An ion gun voltage divider network 85 biases the extractor plate 31 to a potential to extract positive ions from the ionization region 29. The network 85 includes a number of resistors to selectively bias the extractor plate 31 and the anode plates 33, 35, and 37, except the fourth anode plate 39 which is grounded.

The extractor plate 31 includes an extractor aperture 32 of about one-quarter inch (0.6 centimeters), located about the beam axis 42, to extract the positive ions. The ions are then focused and apertured by the anode plates, forming a primary ion beam. Each anode plate has a potential applied thereto from the network 85. The first anode plate 33 is primarily used to control, modulate and initially focus the extracted ions into a collimated beam. The second anode plate 35, which is spaced from the first plate 33 a distance greater than the spacing between the other plates, is the primary beam collimating and focusing anode. The third anode plate 37 is run at a substantially fixed potential from the voltage divider network 85 and the fourth plate 39 is at ground potential, or could be connected to one side of a high voltage power supply 86 and biased with respect to ground. The anode plates are each formed with a small aperture and are constructed of very thin conductive material to control the ion flow and to maintain a monoenergetic beam. The plates are, for example, 0.010 inch (0.25 mm) thick to minimize the wall surface defining the apertures for minimizing of the interaction of the passed ions with the wall surface and loss of energy in the ions passing therethrough.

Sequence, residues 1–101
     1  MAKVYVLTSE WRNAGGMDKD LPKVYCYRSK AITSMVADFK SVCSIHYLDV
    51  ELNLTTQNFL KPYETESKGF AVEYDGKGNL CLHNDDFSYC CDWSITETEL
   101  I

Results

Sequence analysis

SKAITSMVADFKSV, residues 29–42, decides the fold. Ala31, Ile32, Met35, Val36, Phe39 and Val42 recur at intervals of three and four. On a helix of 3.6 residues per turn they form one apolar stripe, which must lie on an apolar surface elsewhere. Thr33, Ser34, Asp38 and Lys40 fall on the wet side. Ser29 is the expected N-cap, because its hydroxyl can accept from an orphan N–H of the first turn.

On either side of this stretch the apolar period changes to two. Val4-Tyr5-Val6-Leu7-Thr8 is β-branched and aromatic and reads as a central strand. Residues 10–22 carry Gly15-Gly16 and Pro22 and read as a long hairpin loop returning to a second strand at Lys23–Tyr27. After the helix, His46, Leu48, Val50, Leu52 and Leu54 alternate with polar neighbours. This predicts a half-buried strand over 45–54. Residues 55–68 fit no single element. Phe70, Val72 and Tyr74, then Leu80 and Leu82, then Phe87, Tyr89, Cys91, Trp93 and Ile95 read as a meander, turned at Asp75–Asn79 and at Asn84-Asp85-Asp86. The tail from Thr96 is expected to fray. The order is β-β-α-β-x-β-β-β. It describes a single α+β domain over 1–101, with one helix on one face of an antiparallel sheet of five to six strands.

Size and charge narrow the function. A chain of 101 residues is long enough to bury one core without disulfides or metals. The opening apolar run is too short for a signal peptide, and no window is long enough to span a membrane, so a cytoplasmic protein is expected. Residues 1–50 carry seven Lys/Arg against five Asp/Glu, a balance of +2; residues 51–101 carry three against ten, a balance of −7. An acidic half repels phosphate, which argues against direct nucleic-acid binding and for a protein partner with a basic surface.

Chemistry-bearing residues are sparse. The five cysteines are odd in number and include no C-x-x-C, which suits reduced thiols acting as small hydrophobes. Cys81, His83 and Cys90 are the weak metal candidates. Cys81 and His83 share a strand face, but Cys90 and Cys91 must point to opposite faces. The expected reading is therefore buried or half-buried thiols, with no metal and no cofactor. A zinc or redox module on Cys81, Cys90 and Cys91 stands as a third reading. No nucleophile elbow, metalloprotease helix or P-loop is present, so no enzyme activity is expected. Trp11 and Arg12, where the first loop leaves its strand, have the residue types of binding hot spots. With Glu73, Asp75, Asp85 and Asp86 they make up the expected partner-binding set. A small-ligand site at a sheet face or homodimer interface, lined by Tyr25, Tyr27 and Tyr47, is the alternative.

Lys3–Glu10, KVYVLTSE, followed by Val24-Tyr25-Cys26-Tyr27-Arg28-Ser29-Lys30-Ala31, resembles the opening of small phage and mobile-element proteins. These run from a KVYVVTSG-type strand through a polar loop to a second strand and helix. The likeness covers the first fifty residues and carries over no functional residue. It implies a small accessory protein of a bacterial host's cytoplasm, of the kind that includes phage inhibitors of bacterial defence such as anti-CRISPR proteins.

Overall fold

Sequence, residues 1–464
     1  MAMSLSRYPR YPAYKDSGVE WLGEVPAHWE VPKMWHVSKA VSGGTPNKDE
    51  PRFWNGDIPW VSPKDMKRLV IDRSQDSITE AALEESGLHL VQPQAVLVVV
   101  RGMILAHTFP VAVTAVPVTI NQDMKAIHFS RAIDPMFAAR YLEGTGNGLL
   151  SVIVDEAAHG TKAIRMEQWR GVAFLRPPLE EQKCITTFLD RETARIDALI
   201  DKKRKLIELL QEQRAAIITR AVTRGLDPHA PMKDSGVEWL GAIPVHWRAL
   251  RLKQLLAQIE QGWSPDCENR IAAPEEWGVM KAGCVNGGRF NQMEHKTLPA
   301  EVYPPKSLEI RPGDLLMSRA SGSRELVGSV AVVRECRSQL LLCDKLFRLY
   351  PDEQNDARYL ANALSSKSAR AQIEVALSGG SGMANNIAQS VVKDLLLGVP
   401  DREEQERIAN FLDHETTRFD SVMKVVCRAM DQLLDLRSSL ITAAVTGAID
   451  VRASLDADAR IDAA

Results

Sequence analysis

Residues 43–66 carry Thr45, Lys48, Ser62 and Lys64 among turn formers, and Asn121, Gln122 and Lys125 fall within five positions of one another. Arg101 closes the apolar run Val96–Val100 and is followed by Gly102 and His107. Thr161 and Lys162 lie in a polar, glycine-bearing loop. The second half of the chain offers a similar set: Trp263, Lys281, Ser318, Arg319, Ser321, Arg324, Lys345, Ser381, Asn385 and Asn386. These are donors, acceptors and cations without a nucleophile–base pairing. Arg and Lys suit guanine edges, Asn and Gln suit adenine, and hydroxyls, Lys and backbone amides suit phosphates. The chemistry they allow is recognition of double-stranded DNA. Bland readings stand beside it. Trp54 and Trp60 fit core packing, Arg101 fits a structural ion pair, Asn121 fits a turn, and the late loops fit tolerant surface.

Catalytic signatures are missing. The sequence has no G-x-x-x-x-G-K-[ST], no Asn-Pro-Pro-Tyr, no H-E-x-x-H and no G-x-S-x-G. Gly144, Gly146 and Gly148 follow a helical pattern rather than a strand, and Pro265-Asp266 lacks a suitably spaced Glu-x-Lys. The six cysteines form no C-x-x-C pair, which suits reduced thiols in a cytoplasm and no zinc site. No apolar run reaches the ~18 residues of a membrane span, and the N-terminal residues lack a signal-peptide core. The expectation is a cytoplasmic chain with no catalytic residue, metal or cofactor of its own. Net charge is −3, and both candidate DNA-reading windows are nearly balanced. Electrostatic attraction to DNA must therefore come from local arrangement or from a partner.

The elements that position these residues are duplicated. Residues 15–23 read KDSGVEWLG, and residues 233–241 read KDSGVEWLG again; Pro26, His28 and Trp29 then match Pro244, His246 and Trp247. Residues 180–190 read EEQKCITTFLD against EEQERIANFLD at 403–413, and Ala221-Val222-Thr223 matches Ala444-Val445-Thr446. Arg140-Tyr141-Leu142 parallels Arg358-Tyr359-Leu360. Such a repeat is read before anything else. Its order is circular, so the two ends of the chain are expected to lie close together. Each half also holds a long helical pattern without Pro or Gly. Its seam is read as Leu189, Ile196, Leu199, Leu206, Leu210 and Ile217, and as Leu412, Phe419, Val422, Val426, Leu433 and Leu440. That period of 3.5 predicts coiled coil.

The beam passing out of the tubular housing 25 is now directed through the noble gas atmosphere toward the sample to be analyzed. Under normal operating conditions beam perturbing collisions do not cause serious deviations in analysis.

Two pair of deflector plates 57 and 114, positioned near the end of the housing 25 and on opposite sides of the beam axis serve to deflect the beam to scan the beam about a predetermined area of the sample. The plates 57 are charged by an ion deflector power supply 87, while the plates 114 are charged by a similar ion deflector power supply 116.